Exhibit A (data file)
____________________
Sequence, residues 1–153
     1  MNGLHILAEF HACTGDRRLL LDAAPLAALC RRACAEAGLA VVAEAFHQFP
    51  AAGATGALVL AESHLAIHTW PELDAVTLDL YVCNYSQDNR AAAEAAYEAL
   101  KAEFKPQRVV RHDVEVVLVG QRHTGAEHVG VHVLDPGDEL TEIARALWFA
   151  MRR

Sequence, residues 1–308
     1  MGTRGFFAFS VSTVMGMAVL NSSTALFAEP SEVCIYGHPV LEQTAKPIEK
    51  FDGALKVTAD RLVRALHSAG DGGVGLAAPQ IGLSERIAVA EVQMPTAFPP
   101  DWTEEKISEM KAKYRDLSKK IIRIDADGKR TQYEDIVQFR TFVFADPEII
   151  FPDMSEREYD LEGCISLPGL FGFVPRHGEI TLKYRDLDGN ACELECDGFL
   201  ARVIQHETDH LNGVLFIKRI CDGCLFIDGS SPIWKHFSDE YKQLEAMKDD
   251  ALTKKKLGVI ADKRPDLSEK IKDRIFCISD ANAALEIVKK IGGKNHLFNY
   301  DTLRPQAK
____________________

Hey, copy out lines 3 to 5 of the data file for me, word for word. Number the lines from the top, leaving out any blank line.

    51  AAGATGALVL AESHLAIHTW PELDAVTLDL YVCNYSQDNR AAAEAAYEAL
   101  KAEFKPQRVV RHDVEVVLVG QRHTGAEHVG VHVLDPGDEL TEIARALWFA
   151  MRR